Defendant stated that he next saw Lesniewski on December 25 and that they had argued again. He testified that Lesniewski's complaint to the West Chicago police resulted in his arrest. He saw Lesniewski at the police station and that she was wearing the fur coat. On December 26, after he was released from jail, he told Officer McDowall that Lesniewski's coat was stolen and that she and a man named Brandy had taken the coat. On December 30, defendant spoke with Officer Carroll and on the following day he was arrested. He stated that he did not take the fur coat and that he was told by Lesniewski that she and Brandy had taken the coat.

The defense then rested its case. The court ruled that IPI Criminal No. 3.17 would not be given to the jury. Defendant was found guilty of robbery and was sentenced to a term of six years.

• 1-3 Defendant first maintains that the evidence did not establish his guilt beyond a reasonable doubt. We disagree. The testimony of a single credible eyewitness who had the opportunity to observe defendant under circumstances which would permit a positive identification is sufficient to convict, even though the eyewitness' testimony is contradicted by the accused. (People v. Yarbrough (1977), 67 Ill.2d 222, 367 N.E.2d 666; People v. Stringer (1972), 52 Ill.2d 564, 289 N.E.2d 631.) It is for the jury to evaluate the testimony and to determine the credibility of the witnesses. (People v. Manion (1977), 67 Ill.2d 564, 367 N.E.2d 1313, cert. denied (1978), 435 U.S. 937, 55 L.Ed.2d 533, 98 S.Ct. 1513.) In the instant case, the evidence is not so implausible or improbable as to raise a reasonable doubt of defendant's guilt. See People v. Sangster (1982), 91 Ill.2d 260, 437 N.E.2d 625.

Defendant next argues that Lesniewski was an accomplice to the robbery and the trial court erred in its refusal to give to the jury IPI Criminal No. 3.17 concerning accomplice testimony. This instruction states:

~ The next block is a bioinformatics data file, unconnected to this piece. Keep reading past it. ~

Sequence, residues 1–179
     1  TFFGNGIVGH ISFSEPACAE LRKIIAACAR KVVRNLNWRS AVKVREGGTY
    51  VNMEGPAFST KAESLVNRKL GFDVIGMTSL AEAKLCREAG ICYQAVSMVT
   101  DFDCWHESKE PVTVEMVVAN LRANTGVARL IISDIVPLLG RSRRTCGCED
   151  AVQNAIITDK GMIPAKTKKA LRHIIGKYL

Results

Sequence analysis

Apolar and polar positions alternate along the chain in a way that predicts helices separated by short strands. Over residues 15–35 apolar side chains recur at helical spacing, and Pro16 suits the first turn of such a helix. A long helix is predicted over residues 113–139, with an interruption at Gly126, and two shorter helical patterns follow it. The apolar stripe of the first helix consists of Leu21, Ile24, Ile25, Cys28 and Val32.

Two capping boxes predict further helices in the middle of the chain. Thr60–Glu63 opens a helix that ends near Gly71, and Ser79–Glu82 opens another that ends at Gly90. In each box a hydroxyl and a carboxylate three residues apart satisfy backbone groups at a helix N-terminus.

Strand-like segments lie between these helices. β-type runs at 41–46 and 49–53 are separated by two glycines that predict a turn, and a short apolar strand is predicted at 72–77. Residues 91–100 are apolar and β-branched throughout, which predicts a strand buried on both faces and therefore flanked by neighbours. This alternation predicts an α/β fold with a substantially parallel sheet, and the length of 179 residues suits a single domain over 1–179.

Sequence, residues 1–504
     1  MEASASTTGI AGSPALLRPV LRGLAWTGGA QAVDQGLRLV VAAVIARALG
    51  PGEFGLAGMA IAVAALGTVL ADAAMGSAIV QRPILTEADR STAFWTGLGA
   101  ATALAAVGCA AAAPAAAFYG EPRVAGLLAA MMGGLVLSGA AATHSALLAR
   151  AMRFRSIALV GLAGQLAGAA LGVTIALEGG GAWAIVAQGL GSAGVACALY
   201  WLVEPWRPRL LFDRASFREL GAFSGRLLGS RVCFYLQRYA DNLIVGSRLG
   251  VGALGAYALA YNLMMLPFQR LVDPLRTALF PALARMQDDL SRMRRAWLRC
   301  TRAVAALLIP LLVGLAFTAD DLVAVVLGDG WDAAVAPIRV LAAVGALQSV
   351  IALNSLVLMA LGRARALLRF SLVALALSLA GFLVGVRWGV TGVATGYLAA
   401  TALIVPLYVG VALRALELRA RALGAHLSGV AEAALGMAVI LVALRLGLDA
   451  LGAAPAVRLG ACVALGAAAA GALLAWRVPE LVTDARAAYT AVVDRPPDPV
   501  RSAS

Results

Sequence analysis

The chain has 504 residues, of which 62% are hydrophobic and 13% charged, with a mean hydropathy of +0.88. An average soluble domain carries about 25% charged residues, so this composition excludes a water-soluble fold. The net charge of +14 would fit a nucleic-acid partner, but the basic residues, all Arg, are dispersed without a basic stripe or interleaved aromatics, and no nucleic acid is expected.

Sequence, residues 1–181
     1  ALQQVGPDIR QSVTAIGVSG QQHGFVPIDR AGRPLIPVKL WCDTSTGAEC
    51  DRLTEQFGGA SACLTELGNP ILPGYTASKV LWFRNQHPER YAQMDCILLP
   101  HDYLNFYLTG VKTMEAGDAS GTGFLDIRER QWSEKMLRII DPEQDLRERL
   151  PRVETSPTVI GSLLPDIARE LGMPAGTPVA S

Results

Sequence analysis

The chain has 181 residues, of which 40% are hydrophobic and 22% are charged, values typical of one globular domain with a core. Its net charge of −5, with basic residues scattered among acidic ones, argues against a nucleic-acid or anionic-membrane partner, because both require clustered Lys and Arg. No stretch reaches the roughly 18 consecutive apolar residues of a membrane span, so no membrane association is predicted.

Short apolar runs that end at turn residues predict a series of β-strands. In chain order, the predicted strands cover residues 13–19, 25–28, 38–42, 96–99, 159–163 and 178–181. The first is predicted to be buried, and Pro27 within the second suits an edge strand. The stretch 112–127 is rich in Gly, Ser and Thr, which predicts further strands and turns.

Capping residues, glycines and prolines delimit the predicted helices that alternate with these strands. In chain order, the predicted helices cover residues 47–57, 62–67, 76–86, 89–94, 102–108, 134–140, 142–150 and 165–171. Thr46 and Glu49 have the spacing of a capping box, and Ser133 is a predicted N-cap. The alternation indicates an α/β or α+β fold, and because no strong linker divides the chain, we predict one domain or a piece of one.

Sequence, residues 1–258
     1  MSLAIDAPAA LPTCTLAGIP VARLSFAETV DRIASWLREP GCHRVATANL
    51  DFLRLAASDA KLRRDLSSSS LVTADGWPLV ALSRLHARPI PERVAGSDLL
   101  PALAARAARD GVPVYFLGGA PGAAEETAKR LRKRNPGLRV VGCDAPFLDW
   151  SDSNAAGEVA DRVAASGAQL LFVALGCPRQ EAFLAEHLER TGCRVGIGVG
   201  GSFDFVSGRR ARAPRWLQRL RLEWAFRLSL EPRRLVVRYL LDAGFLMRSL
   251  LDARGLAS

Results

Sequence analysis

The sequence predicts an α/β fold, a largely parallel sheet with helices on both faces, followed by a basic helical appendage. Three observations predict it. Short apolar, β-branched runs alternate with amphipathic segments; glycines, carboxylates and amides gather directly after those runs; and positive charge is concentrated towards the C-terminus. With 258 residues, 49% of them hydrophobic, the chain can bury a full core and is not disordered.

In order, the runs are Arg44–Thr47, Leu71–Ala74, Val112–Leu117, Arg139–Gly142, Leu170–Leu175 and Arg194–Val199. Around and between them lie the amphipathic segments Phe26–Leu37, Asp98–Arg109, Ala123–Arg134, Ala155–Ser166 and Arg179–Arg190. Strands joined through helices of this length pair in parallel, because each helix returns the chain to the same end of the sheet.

"An accomplice witness is one who testifies that he was involved in the commission of a crime with the defendant. The testimony of an accomplice witness is subject to suspicion, and should be considered by you with caution. It should be carefully examined in light of the other evidence in the case."

In our analysis of this issue, it is necessary to first determine whether there was sufficient evidence to show that Annette Lesniewski was an accomplice. In People v. Nowak (1970), 45 Ill.2d 158, 168, 258 N.E.2d 313, 318, the supreme court defined an accomplice as "one who could himself have been indicted for the offense either as a principal or accessory." (See also People v. Robinson (1974), 59 Ill.2d 184, 319 N.E.2d 772.) Lesniewski testified at trial that she had expressed a desire for a fur coat. She also stated that on the evening of the offense, she was driving defendant's car and was indicating to defendant whether she liked a particular coat. In addition, Lesniewski and others testified that she had worn the coat subsequent to the robbery. The State, in its brief, concedes that while Lesniewski may "technically qualify as an accomplice, her involvement in the crime appears to have been only peripheral."

• 4, 5 In People v. Unger (1977), 66 Ill.2d 333, 362 N.E.2d 319, the supreme court indicated that both the State and defendant are entitled to appropriate jury instructions which present their theories of the case to the jury when and if such theories are supported by the evidence. Based upon the foregoing, we determine that there was sufficient corroborating evidence to support defendant's theory that Lesniewski was an accomplice to the robbery and, therefore, the tendered instructions should have been given. In People v. Riggs (1977), 48 Ill. App.3d 702, 705, 363 N.E.2d 137, 139, the purpose of the accomplice instruction was stated as follows:

"Due to the relationship of the witness and the State, there may be a strong motivation to testify falsely for the accomplice who seeks, hopes or expects lenient treatment by the State in return for favorable testimony. [Citation.] Thus a witness, knowing that his own guilt is detected, may seek to shield himself from punishment by purchasing immunity or leniency by falsely accusing others and procuring their conviction. Even if a promise or expectation of leniency is denied, its existence is always suspected. [Citation.] Therefore a judicial instruction cautioning the jury that the testimony of an accomplice is subject to suspicion has been felt warranted. [Citation.]"

In light of the rationale behind the giving of the accomplice instruction, we cannot say that the failure to give this instruction was harmless error as the State maintains. See People v. Hall (1980), 81 Ill. App.3d 322, 401 N.E.2d 635; People v. Barker (1979), 78 Ill. App.3d 686, 397 N.E.2d 552; People v. Buffington (1977), 51 Ill. App.3d 899, 366 N.E.2d 1099.

In light of this holding, we need not address the remaining two issues raised by defendant. Accordingly, the judgment of the circuit court of Cook County is reversed and remanded for a new trial.

Judgment reversed and remanded.

GOLDBERG AND O'CONNOR, JJ., concur.

19821206